This paper considers the notion of impoliteness through a detailed analysis of questioning and answering in confrontational television interviews. The paper first discusses the notions of politeness and impoliteness in discourse on the basis of previous research, paying particular attention to work generated by Brown and Levinson’s model (e. g., Culpeper 1996; Harris 2001) and recent critiques and alternatives to the dominant ‘paradigm’ (e. g., Arundale 1999; Eelen 2001; Watts 2003). The second part of the paper offers a close analysis of some resources through which participants manage adversarial questioning in television interviews. The analysis focuses on (i) the micro-level practices through which interviewers build question turns so that they impose particular agendas, carry damaging implications, or serve as vehicles of accusation and (ii) practices of answering through which interviewees address the implications of questions and resist the IR’s attempts to control the topical agenda of the interview. The analysis calls into question the usefulness of the notion of impoliteness for the analysis of confrontational discourse. The paper argues that if politeness research seeks to describe how utterances and interpretations are generated in interaction, empirical investigations in this field should be based on premises that are consistent with work in conversation analysis.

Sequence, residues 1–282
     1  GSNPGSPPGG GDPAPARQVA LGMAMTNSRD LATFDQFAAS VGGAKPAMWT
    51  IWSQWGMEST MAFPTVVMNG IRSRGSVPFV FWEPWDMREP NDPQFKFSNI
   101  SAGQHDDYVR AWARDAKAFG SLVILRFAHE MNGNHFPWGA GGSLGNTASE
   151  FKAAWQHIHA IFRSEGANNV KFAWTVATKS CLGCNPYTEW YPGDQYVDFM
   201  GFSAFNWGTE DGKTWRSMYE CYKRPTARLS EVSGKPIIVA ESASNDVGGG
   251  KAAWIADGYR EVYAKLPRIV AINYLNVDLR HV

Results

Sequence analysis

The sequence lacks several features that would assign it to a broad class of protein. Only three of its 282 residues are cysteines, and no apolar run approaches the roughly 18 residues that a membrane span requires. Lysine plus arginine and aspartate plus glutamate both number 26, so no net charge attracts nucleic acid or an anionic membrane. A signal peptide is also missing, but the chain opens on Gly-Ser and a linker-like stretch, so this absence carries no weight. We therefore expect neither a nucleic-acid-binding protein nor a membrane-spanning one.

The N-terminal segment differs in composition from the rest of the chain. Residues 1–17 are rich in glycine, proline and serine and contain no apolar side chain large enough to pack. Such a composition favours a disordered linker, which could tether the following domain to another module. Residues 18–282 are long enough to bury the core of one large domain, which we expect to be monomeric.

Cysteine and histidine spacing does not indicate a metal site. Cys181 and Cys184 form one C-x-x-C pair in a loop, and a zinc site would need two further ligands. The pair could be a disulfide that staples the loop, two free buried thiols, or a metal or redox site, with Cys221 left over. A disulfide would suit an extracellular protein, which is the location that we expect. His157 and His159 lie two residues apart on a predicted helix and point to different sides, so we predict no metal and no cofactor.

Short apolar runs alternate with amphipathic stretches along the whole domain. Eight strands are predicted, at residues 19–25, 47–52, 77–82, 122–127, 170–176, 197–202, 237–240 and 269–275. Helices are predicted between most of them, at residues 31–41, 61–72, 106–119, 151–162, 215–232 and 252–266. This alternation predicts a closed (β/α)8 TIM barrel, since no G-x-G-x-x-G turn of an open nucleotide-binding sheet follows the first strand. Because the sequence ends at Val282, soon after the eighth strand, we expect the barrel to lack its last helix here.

© Walter de Gruyter